"..I found it was actually the RA bearing hub.. ie: the base of the fork mount which flexed the most.  Unfortunately there is no fix other than re-designing the base.   My LX90 suffered from this as well, REALLY badly, (only) when on a wedge.  Loved the scope but that was it's Achilles heel... no addition of super wedges and heavy tripods could fix that."  

 

I haven't noticed this. but, I haven't been trying to isolate the hub yet, either.  There is a noticeable difference in the base castings of the old wedge/pod and this newer deluxe model.  The old has a simple bolt (1/2" diameter?) coming up from the bottom.  The new has an axle cast into the base with stiffening gussets, probably 2-1/2" in diameter.   I haven't been in there yet, but I'll bet the bearing is much larger.  Maybe that's why this drive requires two 9 VDC batteries instead of one.  :lol:


Edited by Tenacious, 18 October 2016 - 10:48 AM.

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#71 Tenacious

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Posted 18 October 2016 - 10:41 AM

 

There is one work around I saw here once but I can't remember who did it.

 

It involved a 2x4 attached to the wedge plate, with a heavy weight which rested on the ground.  The idea was to kill the spring action of the plate.

 

I read that it worked really well although I have never tried it.

 

I've used tie down straps from the corners of the wedge to the legs pulled tightly.  This is how I discovered it was actually the plate, not the wedge, which was flexing.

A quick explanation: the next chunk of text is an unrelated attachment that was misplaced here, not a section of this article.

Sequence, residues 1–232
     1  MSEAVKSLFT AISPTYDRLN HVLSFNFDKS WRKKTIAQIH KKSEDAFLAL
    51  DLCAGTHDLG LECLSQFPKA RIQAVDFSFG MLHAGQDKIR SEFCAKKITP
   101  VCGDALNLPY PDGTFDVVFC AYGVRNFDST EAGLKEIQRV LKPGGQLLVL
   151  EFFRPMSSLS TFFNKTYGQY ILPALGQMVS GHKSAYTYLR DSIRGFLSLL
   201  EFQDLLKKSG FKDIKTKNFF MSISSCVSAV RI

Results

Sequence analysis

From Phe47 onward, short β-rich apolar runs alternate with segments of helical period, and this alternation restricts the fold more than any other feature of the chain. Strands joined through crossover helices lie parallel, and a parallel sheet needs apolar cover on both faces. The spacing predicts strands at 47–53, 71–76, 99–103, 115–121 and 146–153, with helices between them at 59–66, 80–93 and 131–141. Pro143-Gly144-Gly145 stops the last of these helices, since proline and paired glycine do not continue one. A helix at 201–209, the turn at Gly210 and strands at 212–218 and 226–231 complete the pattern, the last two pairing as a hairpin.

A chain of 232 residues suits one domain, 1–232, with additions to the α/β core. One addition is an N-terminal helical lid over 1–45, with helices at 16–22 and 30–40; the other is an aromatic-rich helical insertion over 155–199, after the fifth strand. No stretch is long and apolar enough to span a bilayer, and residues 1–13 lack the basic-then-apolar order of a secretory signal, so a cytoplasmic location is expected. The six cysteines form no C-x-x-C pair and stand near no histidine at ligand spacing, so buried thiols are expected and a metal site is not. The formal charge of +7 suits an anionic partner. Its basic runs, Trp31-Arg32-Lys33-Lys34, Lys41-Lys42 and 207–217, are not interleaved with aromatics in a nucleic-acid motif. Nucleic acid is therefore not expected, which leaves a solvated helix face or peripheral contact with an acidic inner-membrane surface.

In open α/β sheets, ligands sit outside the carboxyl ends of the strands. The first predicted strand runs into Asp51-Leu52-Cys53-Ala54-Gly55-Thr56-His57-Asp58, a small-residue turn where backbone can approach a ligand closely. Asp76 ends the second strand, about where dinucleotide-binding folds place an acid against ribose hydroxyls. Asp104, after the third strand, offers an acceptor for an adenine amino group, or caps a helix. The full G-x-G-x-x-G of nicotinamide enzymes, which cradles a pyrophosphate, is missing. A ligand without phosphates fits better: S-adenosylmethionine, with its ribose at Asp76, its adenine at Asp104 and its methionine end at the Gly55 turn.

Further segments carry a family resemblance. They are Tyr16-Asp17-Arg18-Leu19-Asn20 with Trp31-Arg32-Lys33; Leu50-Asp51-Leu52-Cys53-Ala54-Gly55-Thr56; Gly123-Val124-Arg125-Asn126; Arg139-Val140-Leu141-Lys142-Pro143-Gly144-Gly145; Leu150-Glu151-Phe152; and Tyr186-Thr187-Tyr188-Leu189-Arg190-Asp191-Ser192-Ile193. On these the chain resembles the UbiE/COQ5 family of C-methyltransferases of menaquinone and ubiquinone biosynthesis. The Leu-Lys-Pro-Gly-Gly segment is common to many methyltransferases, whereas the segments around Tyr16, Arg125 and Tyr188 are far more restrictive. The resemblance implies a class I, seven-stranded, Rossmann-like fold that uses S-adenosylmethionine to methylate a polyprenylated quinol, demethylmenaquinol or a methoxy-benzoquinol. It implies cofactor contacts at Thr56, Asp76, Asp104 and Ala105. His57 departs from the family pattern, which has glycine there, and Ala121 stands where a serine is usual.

I have the link on my home computer.  I'll try to remember to post it when I get home tonight.  I may forget.  Lots of LONG days lately and tonight is no exception.  Long day at work followed to traipsing up to the new house and doing a few things and then back to the old house.  Don't expect to be home before 10:00.

 

I had planned on making a new wedge plate and making the fixture described above, but I think once the RVC-6N is done I'm going to part with my C8.

Did you have any luck finding the link?  I'd be interested to see it.



#72 Geo31

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Posted 18 October 2016 - 11:04 AM

I never made it back to the "old" house last night.  By the time I got to the new house last night I was done driving.

 

I was able to conger up a good search and hit on the first try.  Here you go.  Bottom of the page:

 

http://www.ngc1514.c...estron/tips.htm

 

Regarding the fork arms, I still think they are the least of the problem.  As I stated before, the C8 on a standard wedge with tripod has 3 long lever-arms that are not well supported.  From an engineering standpoint, it's a bit of a nightmare. The forks, being the last link in the chain, are going to feel the effects of the wedge and mounting plate.